Why It’s OK For Christians To Take Part In Halloween

[From the archives.]

Tom Burns and his daughter pair up for Halloween costumes every year. As he wrote on his blog, this year she was unsure if her choice was all right so she asked her dad, “Do you think I could be Han Solo?”

Her hesitation? Han Solo is not a woman or girl, like all the other characters she’s dressed up as in previous years.

I love Burns’ response: “Yeah, why, of course, you could. That would be amazing. Why couldn’t you be Han Solo?”

Then she dropped the big one, telling him he should dress up as Princess Leia. Here’s the result.

Han and Leia ready to take on the Empire (The Good Men Project)

Han and Leia ready to take on the Empire
(The Good Men Project)

If I’m going to tell my daughter that she can do almost anything a man can do (excepting some very specific biological acts), then I also need to show her that a man can do almost anything a woman can do too… especially when it’s something awesome like dressing up as a character from one of the best movies ever.

Burns is right. Star Wars is one of the best movies ever. (You can disagree with me in the comments, but you’ll never convince me to think otherwise!) Plus, Han and Leia are the two best characters from the entire set of Star Wars movies, and while they each have their flaws they also have admirable traits that make for good dress-up fun.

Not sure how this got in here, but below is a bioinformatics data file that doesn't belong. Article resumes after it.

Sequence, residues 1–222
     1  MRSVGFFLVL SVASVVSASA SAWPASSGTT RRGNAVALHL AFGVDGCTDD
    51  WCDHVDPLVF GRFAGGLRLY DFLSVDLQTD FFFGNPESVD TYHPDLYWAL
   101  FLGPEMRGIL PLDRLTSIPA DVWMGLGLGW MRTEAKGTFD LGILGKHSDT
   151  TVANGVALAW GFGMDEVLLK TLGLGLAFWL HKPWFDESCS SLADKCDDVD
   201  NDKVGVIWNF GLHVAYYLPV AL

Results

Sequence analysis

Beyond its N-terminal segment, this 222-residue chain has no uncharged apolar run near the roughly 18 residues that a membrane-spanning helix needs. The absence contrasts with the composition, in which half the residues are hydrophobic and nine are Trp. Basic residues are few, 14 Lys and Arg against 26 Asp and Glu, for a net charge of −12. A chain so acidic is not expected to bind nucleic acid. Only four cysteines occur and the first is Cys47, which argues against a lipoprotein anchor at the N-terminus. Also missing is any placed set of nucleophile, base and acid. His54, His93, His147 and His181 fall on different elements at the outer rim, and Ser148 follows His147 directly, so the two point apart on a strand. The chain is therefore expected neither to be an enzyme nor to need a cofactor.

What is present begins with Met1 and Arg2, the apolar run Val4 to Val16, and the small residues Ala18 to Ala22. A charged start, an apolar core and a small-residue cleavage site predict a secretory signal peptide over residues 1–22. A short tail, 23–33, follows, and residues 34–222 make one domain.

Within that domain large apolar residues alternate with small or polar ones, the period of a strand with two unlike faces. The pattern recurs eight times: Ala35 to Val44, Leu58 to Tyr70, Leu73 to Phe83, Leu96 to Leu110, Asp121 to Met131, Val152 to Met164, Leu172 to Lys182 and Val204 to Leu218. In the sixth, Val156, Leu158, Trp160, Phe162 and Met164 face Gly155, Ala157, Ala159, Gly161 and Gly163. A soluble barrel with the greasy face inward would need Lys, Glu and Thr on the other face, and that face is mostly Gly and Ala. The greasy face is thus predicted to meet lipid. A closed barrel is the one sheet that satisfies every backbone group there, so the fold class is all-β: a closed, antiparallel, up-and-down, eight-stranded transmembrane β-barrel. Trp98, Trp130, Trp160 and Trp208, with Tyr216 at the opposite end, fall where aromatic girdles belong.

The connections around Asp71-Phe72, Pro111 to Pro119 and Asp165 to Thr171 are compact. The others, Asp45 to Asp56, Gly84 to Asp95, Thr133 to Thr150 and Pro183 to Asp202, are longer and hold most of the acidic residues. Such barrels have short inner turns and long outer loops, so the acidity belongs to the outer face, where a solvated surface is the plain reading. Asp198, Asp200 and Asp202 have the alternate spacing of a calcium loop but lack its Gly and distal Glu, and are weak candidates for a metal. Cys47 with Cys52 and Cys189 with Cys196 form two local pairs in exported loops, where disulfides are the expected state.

The other thing that comes to mind is Galatians 3:28.

There is neither Jew nor Gentile, neither slave nor free, nor is there male and female, for you are all one in Christ Jesus.

Burns knew that being a little girl was no reason not to wear a Han Solo costume, and likewise being a grown man was no reason not to pair up with his daughter by coming up with a Princess Leia costume.

Fighting the Fallacies of Men’s and Women’s Roles in Society

Some people in the church insist that there are things men and women can and can’t do: women need to get married and stay home to raise a family, men have to work and can’t stay home to raise a family, girls can’t play football, boys can’t play with dolls. The lists people come up with seem endless.

None of that is in the Bible, though, and it’s all a load of hooey. They’re just somebody’s idea of laws and rules they want you to follow because they can’t handle the freedom that comes from belonging to Jesus.

Here’s something that is in the Bible, though.

Therefore, there is now no condemnation for those who are in Christ Jesus, because through Christ Jesus the law of the Spirit who gives life has set you free from the law of sin and death. (Romans 8:1-2.)


It is for freedom that Christ has set us free. Stand firm, then, and do not let yourselves be burdened again by a yoke of slavery. (Ephesians 5:1.)

So enjoy your freedom from rules and condemnation.

  • Do you want to celebrate Halloween? Go ahead.
  • Do you want to wear costumes – for Halloween or any other time of the year – even though someone might say you can’t wear them just because you’re male or female? Go ahead.
  • Do you want to make some kid really happy by saying yes to something the Bible doesn’t anywhere at all ever prohibit? GO AHEAD!